“Please, Mr. Ogden, you insult me. If I couldn’t spot a hedge fund manager (what with your business casual attire, Rolex, and expensive jacket) from a mile away, I wouldn’t be much of a detective, would I?”

“Ah ah, Mr. Holmes, I see you’re right. Very clever!” Charles Danforth Ogden then straightened up and assumed an air of authority. “Yes, well, I am the founding principal and Chief Investment Officer of the C/D/O Enhanced Multi-Strategy Fund, a diversified hedge fund that seeks to generate stable returns for our investors with moderate volatility and low drawdowns.”

“Yes, yes,” said Holmes, “I’m not a fund-of-funds manager so you can spare us the marketing spiel. Please proceed to describing your problem; the sooner tell us your story, the sooner we can be of service to you.”

Ogden glanced at me uneasily. “Perhaps it would be best if we got you and your friend to sign a non-disclosure agreement. If investors found out....”

“Now really, sir,” burst out Holmes, angrily. “Dr. Watson is my friend and colleague, and you can trust him as you trust me. And if you do not trust me to keep my lip buttoned, then I’ll wish you goodnight and ask you to leave, for I had rather planned to treat Watson to a spot of Mendelssohn.”

Ogden’s shoulders slumped at this rebuke. “I’m sorry, Mr. Holmes,” he said. “I’m just so worried about my fund that I’m not sleeping or thinking straight.” His body crashed into the chair that Holmes gestured him towards. “Here’s the story.

“Our fund has been running for a year and a half. For the first year or so things went swimmingly, with steady monthly returns and a nice growth in assets. Early in the summer, though, we ran into a bit of a bother, as some of our holdings appeared to decline in value; however, they don’t really trade so it was difficult to know exactly what sort of hit we were taking.

“In August things got quite bad, really, with credit imploding and funding rates blowing out. Some of the fund-of-funds investors that we picked up in May and June told us that if we didn’t make money in September, they’d pull their assets.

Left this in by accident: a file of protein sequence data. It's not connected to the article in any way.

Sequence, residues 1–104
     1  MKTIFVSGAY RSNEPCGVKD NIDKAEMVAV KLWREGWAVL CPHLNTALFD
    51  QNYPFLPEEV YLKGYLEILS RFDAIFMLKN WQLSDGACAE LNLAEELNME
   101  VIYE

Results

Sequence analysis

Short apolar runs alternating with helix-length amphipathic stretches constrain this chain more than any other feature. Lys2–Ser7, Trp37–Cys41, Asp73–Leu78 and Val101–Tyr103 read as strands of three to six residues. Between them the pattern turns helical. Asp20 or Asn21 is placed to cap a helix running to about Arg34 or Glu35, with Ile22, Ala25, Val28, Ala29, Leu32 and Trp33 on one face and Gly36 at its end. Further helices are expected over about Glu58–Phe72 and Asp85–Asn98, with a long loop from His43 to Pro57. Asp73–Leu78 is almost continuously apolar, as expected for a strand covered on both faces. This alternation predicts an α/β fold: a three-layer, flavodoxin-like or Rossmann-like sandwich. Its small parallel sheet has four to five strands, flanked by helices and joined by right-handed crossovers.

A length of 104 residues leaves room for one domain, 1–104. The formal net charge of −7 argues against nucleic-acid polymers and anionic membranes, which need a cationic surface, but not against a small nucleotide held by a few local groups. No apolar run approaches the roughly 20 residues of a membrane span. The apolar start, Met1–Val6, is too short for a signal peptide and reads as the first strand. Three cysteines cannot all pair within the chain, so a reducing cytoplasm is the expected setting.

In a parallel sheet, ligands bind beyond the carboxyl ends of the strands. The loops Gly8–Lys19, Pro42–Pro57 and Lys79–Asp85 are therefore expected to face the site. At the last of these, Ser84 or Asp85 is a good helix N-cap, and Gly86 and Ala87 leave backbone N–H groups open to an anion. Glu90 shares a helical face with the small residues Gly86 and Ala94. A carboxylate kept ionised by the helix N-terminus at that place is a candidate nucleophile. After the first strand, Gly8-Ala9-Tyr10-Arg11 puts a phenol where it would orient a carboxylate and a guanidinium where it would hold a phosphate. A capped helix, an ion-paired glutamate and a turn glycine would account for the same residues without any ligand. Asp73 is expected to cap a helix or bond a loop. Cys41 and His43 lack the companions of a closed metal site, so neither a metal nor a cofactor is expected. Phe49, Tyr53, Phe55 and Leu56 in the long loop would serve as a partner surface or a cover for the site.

“Naturally, this was a stressful time for us, and we felt a bit adrift. However, one of my trusted brokers sent us a research piece that seemed to show the way to recouping our losses. Here, here it is.” Ogden’s hand dipped into his jacket pocket and emerged clutching a rumpled sheet of paper, which he handed to Holmes.

Looking over my friend’s shoulder, I read the following pearl of financial market wisdom:



Date: August 31, 2007

Subject: How to make money in equities

Cheat sheet: reacting to data and market releases

1) weak data = Fed ease, stocks rally

2) consensus data = lower volatility, stocks rally

3) strong data = economy strengthening, stocks rally

4) bank loses $4bln = bad news out of the way, stocks rally

5) oil spikes = great for energy companies, stocks rally

6) oil drops = great for the consumer, stocks rally

7) dollar plunges = great for multinationals, stocks rally

8) dollar spikes = lowers inflation, stocks rally

9) inflation spikes = will inflate all assets, stocks rally

10) inflation drops = improves earnings quality, stocks rally

“We were a bit desperate for returns, and this research seemed more insightful than the usual rubbish coming out of investment banks. So in early September we went limit long the S&P, AUD/JPY, EEM, and the Hang Seng. By mid September it was working so well that we figured credit was going to tighten back in hard, so we bought some of the A-rated tranche of the latest ABX index. When the Fed cut 50 basis points on September 18, it was like we’d won the lottery. Stocks moved so far, so fast that by the end of the month we’d made a new high water mark for the fund and were mentally spending our performance fees.

“Sure, the credit trade wasn’t working so well, but we were making so much money in equities that it didn’t matter. We had Fed liquidity supporting the S&P and the carry trade, and de-coupling plus Chinese investment buoying EEM and the Hang Seng. It was bid, no-lid, and we were making money hand over fist.

“But by the time mid-October rolled around, things had cooled off. Our ABX position was sinking like a stone, most of our structured credit holdings had actually been downgraded, the yen quit going down, and then even some of our equity longs started to retreat. EEM and the Hang Seng were the only things keeping our P/L afloat.